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Sports you’ve never heard of: Planking

Are you looking for a summer sport that won’t make you break a sweat? Are you looking for an activity that anyone can do, regardless of age or capability? Are you looking to be involved in the art of doing nothing at all, while still calling it an activity? If you answered yes to any of these questions, then planking might be the sport for you!

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Date Posted: July 12, 2011
Print Edition: July 7, 2011

By Sophie Isbister (The Cascade) – Email

Are you looking for a summer sport that won’t make you break a sweat? Are you looking for an activity that anyone can do, regardless of age or capability? Are you looking to be involved in the art of doing nothing at all, while still calling it an activity? If you answered yes to any of these questions, then planking might be the sport for you!

Maybe you’ve heard of planking; for a new sport it’s certainly been gaining popularity. There was even a Global Planking Day organized in Australia. The widespread popularity of planking has been in large part due to social media. But to further explore how sites like Twitter and Facebook help planking proliferate, I’ll first explain for the uninitiated exactly what planking is.

Planking as we know it today can be traced back to “the lying down game,” which dates back to 1997. According to The Toronto Star, it began as a game between two friends in England who were bored one day and decided to start laying face-down on various items in the living room and back yard. And that’s all there is to planking. The player lays down, stiff as a board, with their arms held tightly to their sides.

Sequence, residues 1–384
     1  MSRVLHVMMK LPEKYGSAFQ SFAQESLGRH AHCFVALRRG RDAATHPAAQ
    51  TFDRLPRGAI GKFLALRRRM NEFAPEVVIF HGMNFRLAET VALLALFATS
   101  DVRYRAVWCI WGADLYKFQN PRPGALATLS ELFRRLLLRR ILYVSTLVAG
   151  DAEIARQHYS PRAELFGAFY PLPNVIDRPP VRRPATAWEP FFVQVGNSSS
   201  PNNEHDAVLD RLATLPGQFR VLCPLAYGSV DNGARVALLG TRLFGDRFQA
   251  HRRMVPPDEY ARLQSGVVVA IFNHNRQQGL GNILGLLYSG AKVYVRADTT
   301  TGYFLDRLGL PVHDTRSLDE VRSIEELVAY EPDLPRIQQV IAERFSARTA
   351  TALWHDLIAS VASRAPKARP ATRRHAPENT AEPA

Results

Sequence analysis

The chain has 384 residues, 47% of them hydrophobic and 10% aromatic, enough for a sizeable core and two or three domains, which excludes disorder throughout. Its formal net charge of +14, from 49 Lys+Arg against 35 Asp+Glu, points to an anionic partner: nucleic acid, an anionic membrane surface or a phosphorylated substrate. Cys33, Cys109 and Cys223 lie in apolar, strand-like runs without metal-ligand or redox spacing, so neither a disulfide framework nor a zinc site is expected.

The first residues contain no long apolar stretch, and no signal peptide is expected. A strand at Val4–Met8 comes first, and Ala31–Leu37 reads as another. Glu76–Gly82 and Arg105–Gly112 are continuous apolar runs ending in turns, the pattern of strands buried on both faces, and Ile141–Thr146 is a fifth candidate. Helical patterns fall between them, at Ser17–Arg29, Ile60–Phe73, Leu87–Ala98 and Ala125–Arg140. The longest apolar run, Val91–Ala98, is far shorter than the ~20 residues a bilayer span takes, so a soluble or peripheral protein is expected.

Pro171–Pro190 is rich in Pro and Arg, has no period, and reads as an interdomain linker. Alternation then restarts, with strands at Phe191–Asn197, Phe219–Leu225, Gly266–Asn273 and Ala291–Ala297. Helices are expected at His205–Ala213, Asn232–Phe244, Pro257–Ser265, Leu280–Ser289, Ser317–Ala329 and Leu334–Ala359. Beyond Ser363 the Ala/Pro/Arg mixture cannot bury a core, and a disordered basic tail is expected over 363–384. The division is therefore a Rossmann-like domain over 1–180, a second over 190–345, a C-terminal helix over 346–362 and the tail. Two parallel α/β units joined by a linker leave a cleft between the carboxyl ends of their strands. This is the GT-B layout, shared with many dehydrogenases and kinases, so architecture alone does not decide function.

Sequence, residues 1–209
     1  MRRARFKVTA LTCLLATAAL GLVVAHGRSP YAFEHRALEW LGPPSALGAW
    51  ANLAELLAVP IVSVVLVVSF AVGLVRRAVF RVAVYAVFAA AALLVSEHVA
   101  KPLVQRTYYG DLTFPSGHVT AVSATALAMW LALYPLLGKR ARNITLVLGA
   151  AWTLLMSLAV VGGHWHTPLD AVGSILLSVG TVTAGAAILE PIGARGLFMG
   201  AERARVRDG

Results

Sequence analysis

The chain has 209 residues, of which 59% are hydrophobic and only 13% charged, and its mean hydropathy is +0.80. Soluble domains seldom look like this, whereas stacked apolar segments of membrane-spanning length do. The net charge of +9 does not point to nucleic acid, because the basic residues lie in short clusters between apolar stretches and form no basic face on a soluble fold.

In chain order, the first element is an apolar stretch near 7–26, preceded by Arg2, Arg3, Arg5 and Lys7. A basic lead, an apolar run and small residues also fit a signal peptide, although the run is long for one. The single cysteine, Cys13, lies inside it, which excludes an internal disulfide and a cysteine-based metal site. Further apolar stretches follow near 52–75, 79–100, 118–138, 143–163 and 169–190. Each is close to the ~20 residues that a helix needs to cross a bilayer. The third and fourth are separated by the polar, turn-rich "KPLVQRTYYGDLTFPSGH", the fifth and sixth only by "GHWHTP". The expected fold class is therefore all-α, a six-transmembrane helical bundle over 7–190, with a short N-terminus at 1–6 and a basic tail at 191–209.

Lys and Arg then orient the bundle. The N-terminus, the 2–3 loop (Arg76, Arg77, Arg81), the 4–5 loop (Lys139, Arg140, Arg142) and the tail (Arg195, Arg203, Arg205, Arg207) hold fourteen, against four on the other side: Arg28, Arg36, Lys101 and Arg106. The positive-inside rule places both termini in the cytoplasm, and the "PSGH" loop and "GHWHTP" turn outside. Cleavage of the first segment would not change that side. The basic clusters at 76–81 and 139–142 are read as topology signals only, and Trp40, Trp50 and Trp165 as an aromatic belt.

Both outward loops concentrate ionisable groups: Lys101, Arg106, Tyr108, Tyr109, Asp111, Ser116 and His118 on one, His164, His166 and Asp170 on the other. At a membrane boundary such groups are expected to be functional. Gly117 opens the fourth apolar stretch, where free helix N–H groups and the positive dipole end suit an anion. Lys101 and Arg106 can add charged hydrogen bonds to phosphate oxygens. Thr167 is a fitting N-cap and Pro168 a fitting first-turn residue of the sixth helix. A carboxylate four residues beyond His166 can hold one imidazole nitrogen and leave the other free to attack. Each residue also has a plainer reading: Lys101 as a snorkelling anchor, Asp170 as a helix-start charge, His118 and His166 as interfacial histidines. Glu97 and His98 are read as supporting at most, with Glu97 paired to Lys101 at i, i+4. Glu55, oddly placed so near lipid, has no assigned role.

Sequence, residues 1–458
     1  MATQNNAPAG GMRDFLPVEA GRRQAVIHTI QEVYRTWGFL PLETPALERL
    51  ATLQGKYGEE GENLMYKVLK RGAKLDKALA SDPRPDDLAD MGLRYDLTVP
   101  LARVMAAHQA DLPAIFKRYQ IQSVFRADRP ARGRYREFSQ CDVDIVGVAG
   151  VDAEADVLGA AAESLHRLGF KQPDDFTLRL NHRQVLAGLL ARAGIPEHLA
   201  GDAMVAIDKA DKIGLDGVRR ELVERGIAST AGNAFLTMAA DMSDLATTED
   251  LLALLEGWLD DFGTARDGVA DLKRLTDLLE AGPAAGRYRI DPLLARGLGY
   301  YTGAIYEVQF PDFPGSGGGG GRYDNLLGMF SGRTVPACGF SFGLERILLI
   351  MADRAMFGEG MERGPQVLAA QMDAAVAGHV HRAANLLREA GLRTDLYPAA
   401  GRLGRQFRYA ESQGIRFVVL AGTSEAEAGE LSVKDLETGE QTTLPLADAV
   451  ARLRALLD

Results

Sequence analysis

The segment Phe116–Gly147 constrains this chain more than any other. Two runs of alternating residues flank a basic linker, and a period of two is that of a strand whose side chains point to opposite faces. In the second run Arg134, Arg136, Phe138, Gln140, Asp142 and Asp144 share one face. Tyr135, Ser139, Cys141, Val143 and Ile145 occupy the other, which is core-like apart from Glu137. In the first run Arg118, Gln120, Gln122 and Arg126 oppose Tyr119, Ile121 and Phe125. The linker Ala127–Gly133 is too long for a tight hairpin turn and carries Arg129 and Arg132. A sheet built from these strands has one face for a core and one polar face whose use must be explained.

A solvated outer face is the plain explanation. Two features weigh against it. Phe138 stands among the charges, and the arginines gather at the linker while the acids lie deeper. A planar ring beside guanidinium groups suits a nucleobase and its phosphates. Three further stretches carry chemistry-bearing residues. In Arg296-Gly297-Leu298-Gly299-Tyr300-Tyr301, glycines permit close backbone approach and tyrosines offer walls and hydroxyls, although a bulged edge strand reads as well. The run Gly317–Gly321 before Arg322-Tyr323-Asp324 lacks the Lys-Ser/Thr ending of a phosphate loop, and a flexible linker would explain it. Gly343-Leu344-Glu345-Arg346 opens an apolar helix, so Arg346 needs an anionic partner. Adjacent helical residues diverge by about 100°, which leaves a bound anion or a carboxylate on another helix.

Planking didn’t really start to take off or go worldwide until the inventors publicised it on a Facebook group in 2007. From there, it spread throughout the UK and to Australia, where the term “planking” was reportedly coined. It’s currently popular in Asia, North America, Australia, and many parts of Europe. But the place that planking has its largest fan-base is, of course, on the World Wide Web.

The overall point of planking is not just to lay there; the point is to lie in an odd or hard-to-reach place, oftentimes a place that is dangerous to get to or stay on. The secondary objective is to have a picture taken by a fellow planker or plank-appreciator, and then uploaded to your website or one of the many online communities for planking. This is where, as previously mentioned, social media plays an important role: currently on Facebook the official planking page has 424,764 fans. At least 100 other Facebook pages titled “Planking” have a membership that numbers anywhere from eight to 18,000.

The groups contain pictures of people from all around the world lying face down on things: people on banisters, grills, and stairs; people on motorbikes, monuments and statues; people planking diagonally on stairs. There are even pictures of dogs (perhaps the original plankers) lying flat out on their tummies. Adorable.

The originators of planking, likely some smart-ass kids, probably didn’t imagine it would become such a worldwide craze. The sport has even gone so far as to claim lives; in May of this year an Australian man died after planking on his seventh-storey balcony. Planking has been described as pointless and a nuisance, a source of irritation for law enforcers, politicians, and upstanding citizens. But to fans of the sport it’s so much more. The act of lying down and doing nothing is attractive in a zen-like way, but most of all it’s irreverent and hilarious and I hope here to stay as a cultural phenomenon.

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